Radiohead - OK ComputerRadiohead - OK Computer

When Radiohead released OK Computer, the critics fell all over themselves praising this English modern-rock band. Often, critics even used the word "masterpiece" to describe the album, as well as the word "progressive." And, at least in the context of modern rock, this album definitely is progressive. Since the release of OK Computer, Radiohead has set the bar for creative rock. In fact, whenever other bands push the boundaries of modern-rock, Radiohead comparisons pop up everywhere. Radiohead still puts out great albums, including the more restrained, but just as cutting-edge, Kid A and Amnesiac. However, 1997's OK Computer remains my favorite.

Wilco - Yankee Hotel FoxtrotWilco - Yankee Hotel Foxtrot

When record-company executives heard Wilco's new album, they told the band to take whatever they'd been paid and get lost. The record wouldn't be released, because it was just too darn weird. Wilco went ahead and got a new record deal, which meant they got paid for the album a second time. Then, in spite of its "weirdness," Yankee Hotel Foxtrot did just fine, thank you, and was the critics' darling for a good long time. I guess that just shows that quality can triumph over the bean counters. What does the album sound like? Cross the lighter side of Radiohead with the weirder side of The Beatles, and then add a dash of The Grateful Dead. One of the best rock albums of 2002.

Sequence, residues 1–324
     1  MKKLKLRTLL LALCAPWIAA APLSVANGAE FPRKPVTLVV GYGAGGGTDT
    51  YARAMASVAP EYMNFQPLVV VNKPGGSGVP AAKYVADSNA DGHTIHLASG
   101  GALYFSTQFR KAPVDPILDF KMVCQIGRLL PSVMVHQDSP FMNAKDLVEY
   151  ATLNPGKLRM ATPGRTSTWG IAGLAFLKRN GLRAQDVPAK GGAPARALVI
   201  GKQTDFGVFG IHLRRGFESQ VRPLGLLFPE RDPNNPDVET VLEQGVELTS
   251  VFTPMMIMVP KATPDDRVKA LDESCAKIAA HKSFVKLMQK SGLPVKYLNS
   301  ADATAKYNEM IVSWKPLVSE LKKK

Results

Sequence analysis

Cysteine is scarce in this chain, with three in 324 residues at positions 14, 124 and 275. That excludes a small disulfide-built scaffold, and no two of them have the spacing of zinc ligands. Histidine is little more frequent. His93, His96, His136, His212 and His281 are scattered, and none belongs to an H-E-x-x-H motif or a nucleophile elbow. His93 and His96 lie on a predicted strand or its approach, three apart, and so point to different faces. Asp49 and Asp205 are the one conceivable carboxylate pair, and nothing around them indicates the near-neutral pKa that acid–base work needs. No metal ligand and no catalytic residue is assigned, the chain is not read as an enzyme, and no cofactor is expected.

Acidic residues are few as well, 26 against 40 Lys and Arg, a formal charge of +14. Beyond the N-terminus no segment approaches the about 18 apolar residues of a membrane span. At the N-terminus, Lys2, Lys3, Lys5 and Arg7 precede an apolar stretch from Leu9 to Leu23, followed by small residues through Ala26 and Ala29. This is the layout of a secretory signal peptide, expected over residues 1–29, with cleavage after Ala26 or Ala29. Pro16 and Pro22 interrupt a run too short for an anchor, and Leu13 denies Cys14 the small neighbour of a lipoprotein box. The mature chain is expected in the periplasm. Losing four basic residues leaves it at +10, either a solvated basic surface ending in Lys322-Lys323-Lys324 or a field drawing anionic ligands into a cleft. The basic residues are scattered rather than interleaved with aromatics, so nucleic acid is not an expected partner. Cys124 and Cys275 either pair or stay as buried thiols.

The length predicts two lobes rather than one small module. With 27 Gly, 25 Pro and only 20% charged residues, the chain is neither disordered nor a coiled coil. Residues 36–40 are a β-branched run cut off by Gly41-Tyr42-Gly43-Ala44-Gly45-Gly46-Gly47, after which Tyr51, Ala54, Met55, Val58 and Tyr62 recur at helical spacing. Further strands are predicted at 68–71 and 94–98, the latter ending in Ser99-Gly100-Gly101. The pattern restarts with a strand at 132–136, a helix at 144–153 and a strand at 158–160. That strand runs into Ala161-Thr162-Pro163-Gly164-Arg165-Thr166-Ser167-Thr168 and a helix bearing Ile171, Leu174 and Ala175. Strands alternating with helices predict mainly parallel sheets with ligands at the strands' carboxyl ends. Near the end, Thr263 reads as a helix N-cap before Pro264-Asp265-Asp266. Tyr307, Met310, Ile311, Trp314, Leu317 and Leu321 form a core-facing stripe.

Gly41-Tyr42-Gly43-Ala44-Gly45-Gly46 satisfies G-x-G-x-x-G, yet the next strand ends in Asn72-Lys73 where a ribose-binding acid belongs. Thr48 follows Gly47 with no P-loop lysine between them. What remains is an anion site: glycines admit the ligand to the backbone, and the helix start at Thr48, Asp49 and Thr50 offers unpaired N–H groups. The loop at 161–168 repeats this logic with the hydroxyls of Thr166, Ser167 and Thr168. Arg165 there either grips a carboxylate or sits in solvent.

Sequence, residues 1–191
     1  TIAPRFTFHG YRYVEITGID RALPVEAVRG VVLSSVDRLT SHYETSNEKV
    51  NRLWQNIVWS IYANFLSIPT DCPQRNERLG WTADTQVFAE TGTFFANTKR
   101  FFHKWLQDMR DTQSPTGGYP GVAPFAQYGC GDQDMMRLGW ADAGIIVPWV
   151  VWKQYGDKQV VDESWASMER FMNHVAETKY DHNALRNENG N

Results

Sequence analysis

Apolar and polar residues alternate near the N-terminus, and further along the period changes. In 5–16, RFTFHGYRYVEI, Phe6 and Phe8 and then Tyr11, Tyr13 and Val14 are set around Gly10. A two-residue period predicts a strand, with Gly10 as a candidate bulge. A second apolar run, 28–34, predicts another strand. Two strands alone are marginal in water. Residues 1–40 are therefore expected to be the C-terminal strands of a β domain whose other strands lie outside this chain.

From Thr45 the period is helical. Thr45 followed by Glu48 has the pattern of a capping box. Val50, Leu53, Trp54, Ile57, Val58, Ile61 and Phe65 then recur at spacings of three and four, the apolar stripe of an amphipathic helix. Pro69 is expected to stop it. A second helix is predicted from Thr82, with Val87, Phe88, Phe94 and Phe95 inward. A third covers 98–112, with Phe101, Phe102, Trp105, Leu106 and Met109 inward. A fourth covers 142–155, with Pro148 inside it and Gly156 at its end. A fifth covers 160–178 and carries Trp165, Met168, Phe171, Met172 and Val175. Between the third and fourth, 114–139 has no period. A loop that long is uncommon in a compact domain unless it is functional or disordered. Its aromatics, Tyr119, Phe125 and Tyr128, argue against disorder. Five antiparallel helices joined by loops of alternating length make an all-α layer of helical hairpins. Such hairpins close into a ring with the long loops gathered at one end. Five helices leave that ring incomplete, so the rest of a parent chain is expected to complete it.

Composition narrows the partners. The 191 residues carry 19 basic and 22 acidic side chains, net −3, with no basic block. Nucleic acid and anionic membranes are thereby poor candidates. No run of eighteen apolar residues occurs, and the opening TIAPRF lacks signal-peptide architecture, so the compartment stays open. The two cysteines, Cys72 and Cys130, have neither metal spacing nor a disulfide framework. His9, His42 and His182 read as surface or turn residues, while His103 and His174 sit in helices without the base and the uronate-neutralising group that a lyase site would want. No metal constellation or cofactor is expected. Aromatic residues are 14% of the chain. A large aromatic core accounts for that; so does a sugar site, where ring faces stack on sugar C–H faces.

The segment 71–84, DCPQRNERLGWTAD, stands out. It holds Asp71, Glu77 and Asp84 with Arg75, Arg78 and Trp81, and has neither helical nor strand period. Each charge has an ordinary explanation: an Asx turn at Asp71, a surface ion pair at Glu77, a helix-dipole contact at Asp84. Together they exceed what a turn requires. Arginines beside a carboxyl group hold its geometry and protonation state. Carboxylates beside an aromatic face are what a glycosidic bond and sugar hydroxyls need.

XTC - Apple Venus Volume 1XTC - Apple Venus Volume 1